A spookily good sensor

Phys.org  February 19, 2020
Researchers in Japan placed a millimeter-sized sphere of yttrium iron garnet in the same resonant cavity as a superconducting Josephson junction qubit, which acted as the sensor. Because of the coupling of the sphere to resonant cavity, and, in turn, between the cavity to the qubit, the qubit could only be excited by an electromagnetic pulse if no magnetic excitations were present in the sphere. Reading the state of the qubit then reveals the state of the sphere. By using single-shot detection instead of averaging, they were able to make the device both highly sensitive and very fast. This research could open the way for sensors powerful enough to help with the search for theoretical dark-matter particles called axions…read more. TECHNICAL ARTICLE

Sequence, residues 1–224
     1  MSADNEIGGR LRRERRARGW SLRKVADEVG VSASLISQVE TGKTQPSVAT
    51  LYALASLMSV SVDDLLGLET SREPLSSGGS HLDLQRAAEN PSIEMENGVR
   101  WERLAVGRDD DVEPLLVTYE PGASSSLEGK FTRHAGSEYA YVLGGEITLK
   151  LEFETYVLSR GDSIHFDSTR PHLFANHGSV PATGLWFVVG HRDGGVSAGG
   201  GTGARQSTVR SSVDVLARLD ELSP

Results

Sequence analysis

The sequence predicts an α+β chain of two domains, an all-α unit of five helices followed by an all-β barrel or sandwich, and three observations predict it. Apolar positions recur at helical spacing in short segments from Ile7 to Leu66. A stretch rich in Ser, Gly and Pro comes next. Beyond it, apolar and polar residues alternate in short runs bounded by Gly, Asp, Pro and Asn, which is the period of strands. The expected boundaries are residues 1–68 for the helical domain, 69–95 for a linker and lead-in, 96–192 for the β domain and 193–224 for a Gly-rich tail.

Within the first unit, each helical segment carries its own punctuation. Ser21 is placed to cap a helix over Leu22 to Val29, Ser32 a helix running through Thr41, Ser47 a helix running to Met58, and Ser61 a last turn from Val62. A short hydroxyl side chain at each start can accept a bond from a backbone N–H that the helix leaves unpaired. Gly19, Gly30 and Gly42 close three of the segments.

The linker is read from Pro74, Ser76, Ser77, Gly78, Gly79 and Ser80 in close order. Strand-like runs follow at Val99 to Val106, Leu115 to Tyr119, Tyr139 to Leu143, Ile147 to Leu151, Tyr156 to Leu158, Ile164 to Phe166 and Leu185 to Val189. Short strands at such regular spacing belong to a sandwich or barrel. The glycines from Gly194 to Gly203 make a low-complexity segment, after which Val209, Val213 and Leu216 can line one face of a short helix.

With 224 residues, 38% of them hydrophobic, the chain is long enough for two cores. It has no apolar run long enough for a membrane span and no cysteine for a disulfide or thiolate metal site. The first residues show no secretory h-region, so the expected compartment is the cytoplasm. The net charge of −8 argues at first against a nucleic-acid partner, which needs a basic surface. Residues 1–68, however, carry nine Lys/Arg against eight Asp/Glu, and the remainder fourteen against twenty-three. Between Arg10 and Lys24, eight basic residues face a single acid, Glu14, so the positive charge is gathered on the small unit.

Schematic of modes of interest in the single-magnon detector. Credit: ©Dany Lachance-Quirion

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